Like other banks and financial institutions, online lenders must adhere to certain laws and regulations laid out by regulatory bodies. In particular, they have to take steps to ensure it’s not beyond a borrower’s means to pay off a loan, as well as provide borrowers with relevant information to make informed decisions along the way.
Online lenders that are also authorised deposit-taking institutions (ADIs) are regulated by the Australian Prudential Regulation Authority (APRA). Some examples are 86 400, ING, and UBank.
Many online lenders don’t have an ADI license however, as they’re not in the business of providing savings accounts or term deposits. These include Athena Home Loans, Homestar, and loans.com.au.
While non-bank lenders aren’t regulated by APRA, they’re still subject to strict credit legislation, and can be ruled on by the Australian Securities & Investments Commission (ASIC) if they’re found engaging in misleading or deceptive conduct.
What happens to my mortgage if an online lender goes bust?
In the off chance an online lender you signed up with goes under, there’s little chance you’ll suffer as a result. While it’s natural to worry about your mortgage, there are procedures in place to make sure borrowers emerge from a lender’s collapse unscathed.
What’s most likely to happen is your lender will be absorbed by a larger bank, or its loan book will simply be sold to another lender. In both scenarios, you’ll continue making your mortgage repayments as before (unless your rate changes, in which case refinancing is always an option).
As for any money held in an offset account, this will be covered by the Financial Claims Scheme, a government initiative which protects deposits of up to $250,000 in the event that a bank, building society or credit union goes under.
If an online lender holds an ADI licence (and they legally can’t offer offset accounts without one), the government will activate the FCS and turn things over to APRA, which will be responsible for paying customers the money they’re owed.
What is an online lender’s responsibility to borrowers?
In recent months, the government has announced plans to reduce ASIC’s role in enforcing responsible lending obligations, arguing that a less restricted flow of credit is necessary to speed up the pace of economic recovery.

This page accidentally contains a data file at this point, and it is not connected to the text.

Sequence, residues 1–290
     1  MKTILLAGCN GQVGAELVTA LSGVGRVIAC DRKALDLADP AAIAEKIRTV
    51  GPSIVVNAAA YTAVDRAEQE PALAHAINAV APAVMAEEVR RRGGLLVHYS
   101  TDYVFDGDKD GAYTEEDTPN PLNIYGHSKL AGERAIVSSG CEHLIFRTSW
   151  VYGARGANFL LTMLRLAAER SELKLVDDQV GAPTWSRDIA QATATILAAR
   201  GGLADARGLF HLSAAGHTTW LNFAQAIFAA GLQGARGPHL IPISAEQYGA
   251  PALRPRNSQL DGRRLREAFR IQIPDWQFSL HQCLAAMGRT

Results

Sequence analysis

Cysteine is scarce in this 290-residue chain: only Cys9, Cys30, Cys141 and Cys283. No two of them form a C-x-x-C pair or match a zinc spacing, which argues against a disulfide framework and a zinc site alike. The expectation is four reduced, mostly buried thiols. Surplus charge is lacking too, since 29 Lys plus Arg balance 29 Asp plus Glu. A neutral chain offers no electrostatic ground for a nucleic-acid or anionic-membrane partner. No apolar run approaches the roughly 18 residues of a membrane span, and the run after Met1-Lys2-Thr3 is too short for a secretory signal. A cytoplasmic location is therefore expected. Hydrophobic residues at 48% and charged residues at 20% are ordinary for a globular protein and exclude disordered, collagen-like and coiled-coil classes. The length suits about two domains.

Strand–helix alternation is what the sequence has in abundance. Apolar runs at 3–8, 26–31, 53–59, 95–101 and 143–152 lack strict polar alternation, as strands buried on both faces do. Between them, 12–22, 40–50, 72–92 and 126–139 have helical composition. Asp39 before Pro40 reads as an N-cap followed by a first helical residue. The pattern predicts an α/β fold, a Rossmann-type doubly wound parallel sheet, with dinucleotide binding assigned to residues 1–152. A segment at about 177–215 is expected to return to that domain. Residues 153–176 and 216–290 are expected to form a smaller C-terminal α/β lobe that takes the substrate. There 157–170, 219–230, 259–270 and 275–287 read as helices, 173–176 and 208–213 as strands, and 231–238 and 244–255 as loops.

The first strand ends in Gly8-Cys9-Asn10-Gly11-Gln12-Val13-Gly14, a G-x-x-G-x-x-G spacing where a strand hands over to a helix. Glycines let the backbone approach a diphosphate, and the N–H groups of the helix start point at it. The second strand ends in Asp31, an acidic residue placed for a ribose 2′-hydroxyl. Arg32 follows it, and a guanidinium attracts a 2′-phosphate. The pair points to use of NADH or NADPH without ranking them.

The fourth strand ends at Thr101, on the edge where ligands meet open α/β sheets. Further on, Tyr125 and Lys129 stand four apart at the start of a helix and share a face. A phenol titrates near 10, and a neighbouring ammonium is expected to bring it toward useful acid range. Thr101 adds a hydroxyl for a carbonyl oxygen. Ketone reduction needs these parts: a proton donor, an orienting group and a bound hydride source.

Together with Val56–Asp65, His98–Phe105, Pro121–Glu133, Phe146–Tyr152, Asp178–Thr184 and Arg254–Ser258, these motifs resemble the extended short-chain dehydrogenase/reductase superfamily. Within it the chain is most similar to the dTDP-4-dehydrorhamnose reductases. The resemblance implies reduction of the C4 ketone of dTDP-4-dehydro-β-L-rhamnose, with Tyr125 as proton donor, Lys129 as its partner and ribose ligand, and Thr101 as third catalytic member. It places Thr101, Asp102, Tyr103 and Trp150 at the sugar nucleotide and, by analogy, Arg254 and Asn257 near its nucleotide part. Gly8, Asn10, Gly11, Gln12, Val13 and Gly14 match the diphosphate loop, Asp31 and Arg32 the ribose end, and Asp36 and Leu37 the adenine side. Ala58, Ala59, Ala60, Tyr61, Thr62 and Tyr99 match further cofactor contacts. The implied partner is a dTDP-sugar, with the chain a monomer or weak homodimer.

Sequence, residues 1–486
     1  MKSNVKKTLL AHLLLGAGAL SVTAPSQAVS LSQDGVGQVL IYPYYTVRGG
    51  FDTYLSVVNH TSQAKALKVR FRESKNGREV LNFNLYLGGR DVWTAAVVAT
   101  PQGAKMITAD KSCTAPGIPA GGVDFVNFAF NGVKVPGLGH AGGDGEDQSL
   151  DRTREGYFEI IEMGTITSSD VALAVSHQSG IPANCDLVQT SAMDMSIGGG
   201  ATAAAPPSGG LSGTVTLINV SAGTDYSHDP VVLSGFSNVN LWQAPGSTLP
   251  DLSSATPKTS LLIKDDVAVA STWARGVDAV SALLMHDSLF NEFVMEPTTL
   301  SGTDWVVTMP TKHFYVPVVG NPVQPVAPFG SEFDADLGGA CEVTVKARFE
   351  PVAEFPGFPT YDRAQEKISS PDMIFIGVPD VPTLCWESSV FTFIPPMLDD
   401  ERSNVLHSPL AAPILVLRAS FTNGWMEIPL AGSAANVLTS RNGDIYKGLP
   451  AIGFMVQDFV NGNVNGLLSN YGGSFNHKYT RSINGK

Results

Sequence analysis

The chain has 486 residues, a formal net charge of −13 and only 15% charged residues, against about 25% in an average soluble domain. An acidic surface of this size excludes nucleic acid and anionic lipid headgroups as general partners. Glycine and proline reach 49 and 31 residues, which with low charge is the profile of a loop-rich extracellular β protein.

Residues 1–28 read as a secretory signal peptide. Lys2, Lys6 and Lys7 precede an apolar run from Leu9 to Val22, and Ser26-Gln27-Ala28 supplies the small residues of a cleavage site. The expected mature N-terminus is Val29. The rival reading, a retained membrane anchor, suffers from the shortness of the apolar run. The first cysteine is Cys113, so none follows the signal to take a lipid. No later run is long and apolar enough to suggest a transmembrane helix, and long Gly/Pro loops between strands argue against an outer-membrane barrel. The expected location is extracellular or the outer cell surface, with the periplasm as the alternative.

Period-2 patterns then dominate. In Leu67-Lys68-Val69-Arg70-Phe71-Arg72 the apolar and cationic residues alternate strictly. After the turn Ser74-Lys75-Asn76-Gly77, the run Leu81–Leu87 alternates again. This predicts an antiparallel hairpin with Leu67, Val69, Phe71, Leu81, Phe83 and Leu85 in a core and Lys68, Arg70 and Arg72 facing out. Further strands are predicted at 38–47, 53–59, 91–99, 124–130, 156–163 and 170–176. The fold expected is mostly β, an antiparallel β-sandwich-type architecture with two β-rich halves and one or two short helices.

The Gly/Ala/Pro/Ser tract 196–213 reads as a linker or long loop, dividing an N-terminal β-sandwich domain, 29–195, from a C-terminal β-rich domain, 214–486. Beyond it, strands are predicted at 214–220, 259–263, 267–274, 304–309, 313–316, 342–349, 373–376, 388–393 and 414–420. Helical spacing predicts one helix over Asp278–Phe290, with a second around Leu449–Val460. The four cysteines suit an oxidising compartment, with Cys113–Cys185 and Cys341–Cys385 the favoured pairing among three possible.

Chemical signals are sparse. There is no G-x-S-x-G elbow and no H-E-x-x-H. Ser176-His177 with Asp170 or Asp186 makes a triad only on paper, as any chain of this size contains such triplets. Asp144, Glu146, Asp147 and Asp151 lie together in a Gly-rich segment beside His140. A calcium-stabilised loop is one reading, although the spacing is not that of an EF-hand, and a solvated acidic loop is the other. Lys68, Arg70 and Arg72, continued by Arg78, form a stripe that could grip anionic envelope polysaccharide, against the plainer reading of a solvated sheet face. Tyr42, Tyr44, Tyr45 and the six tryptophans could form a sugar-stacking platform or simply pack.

For borrowers, this means lenders will be a bit more easy-going when assessing their ability to service a mortgage. There will still be an obligation to inform customers of their rights and the contracts being offered to them, but applications will otherwise be a bit streamlined.
So if you’re thinking of going with an online lender, you should take extra care to ensure all the information in your application is accurate. Since credit providers aren’t as likely to face consequences for poor lending decisions (at least for the time being), the burden of responsibility falls on you.
For a look at what customers say about online lenders, visit our rate and review section. And to see how they compare to others in the market, browse our home loans comparison page, where you’ll be able to filter your search by rate and type.
Home loan comparisons on Mozo - last updated December 05, 2020
Smart Booster Home Loan
Celebrate Variable Home Loan
UHomeLoan - Discount Offer
- Virgin MoneyVirgin Money
Special Offer Reward Me Fixed Rate Home Loan
Basic Home Loan
^See information about the Mozo Experts Choice Home Loans Awards
Mozo provides general product information. We don't consider your personal objectives, financial situation or needs and we aren't recommending any specific product to you. You should make your own decision after reading the PDS or offer documentation, or seeking independent advice.
While we pride ourselves on covering a wide range of products, we don't cover every product in the market. If you decide to apply for a product through our website, you will be dealing directly with the provider of that product and not with Mozo.